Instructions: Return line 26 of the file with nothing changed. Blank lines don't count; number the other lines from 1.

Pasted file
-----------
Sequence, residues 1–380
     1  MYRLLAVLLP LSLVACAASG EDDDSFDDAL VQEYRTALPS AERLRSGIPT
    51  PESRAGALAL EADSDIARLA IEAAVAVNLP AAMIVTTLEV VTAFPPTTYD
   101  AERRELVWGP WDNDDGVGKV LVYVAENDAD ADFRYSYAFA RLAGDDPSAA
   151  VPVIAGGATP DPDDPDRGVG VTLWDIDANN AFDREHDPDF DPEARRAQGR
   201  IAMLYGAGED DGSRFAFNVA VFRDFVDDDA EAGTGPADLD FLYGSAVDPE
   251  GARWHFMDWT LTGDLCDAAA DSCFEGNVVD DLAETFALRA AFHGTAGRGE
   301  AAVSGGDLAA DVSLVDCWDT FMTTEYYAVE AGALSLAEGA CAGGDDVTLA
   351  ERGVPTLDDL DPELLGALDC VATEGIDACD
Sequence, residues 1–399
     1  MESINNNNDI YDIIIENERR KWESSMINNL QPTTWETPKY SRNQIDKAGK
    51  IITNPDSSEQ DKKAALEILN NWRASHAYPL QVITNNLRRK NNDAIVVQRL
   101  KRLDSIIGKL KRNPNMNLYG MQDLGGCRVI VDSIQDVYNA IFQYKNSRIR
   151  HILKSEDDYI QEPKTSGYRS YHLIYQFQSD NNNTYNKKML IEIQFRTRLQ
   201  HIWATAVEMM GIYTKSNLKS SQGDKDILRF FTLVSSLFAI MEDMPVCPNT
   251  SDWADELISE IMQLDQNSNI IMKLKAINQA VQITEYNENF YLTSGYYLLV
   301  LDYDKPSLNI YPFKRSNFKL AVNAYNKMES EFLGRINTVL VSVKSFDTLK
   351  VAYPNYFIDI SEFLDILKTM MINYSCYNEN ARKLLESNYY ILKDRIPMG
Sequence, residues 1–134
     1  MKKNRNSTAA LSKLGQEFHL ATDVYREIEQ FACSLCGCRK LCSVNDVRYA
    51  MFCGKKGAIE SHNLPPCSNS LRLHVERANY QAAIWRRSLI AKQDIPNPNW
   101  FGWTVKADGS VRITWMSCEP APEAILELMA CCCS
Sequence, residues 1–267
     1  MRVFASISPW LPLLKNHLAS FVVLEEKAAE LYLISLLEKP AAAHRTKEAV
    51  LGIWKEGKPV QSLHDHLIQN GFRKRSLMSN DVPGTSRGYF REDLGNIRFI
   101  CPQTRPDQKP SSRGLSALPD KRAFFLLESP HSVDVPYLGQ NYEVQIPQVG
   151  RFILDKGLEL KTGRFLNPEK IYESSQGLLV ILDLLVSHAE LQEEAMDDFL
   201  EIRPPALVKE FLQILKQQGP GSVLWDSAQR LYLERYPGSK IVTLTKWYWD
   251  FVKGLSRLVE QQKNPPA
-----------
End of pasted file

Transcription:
   101  CPQTRPDQKP SSRGLSALPD KRAFFLLESP HSVDVPYLGQ NYEVQIPQVG